Lesson Two: Thinking

  1. Theories of thinking:
    1. Concept theory: Thinking is the development and use of concepts. (This is the theory in use in this course.)
    2. Behaviorist theory: Thinking is the name for unknown functions in an organism which intervene between a stimulus and the response to that stimulus by an organism.
    3. Verbal theory: Thinking is the internal aspects of action patterns stimulated by the acculturation of an individual by linguistic interaction with a social group.
  1. Concept theory of thinking: The concept theory of thinking sees the imagination as the arena of human thinking. In response to experience (arising both from internal and external sources) an individual develops patterns of thinking which are called “concepts.” Concepts may be unitary, such as a certain shade of red, or very complex, such as the planetary system of which the earth is a part. These patterns can be unique or somewhat standardized; whichever they are depends upon the desires of the individual who creates them. All conceptual patterns are created by individuals, and no two individuals have identical concept patterns. A degree of commonality of concept patterns is essential for communication and cooperation, however.

Thinking is pairing concepts to produce new concepts.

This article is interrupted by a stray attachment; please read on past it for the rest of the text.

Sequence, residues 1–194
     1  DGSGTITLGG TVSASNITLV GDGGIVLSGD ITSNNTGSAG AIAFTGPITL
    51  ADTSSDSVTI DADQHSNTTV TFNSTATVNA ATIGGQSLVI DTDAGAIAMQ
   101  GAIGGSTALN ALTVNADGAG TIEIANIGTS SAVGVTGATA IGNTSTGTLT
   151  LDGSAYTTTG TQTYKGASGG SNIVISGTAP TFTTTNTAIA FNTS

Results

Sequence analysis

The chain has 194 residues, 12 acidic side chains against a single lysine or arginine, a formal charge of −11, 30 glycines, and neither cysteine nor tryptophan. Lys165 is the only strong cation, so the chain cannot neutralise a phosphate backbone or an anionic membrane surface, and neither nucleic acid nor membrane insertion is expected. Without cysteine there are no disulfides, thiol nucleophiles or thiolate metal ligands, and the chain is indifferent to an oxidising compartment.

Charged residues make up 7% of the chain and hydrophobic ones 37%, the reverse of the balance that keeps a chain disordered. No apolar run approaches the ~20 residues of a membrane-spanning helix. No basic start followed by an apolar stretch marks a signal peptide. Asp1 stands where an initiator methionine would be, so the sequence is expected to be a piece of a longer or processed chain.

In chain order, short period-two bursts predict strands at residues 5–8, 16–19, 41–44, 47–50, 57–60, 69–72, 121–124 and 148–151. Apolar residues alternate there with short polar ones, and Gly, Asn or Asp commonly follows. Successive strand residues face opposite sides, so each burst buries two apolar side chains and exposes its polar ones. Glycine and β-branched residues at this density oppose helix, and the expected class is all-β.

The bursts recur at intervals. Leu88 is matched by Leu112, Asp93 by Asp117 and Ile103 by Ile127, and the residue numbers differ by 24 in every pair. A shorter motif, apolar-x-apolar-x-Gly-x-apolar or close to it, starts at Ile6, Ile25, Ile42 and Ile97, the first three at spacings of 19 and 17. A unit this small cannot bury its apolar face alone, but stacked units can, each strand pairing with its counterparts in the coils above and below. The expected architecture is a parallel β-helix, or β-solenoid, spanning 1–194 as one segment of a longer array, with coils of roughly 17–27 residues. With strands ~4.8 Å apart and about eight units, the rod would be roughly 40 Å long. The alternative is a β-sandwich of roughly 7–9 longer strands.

1. Kinds of concept thinking:
    1. Concept formulation and identification: The development of concepts on the basis of external and/or internal information sources, or, comparing a concept with an information source to see if that is the concept in question. (This is the attempt to establish conocer, connaitre, kennen knowledge.)
      1. Example of formulation: Examining a machine again and again until one has built a concept which contains all of the physical parts and functioning of the machine being observed.
      2. Example of identification: Examining a machine again and again until one is certain that it is of the exact type of which one already has a complete concept.
    2. Concept relating: Establishment of larger concepts in which any two given concepts are seen as related parts of a whole. (This is the attempt to establish saber, savoir, or wissen knowledge.)
      1. Example: Understanding how an electric motor relates to the generator which supplies it with electrical input.
    3. Concept evaluation: Differential holding of concepts wherein some are seen to be more important than others, more “good” than others, etc, according to whatever values are important to the person who is thinking about the concepts.
      1. Example: Understanding that a three phase electric motor is better than a two phase motor for certain purposes.
      2. Example: Understanding that the most important thing about a human being is the person’s desires.
    4. Concept choosing: Selecting a concept pattern for some use, such as one to be remembered, one to be put into action, etc.
      1. Example: After contemplating a number of hypotheses, selecting one of them to be one’s characterization of another person.
      2. Example: Choosing the cherry pie instead of chocolate pudding for dessert.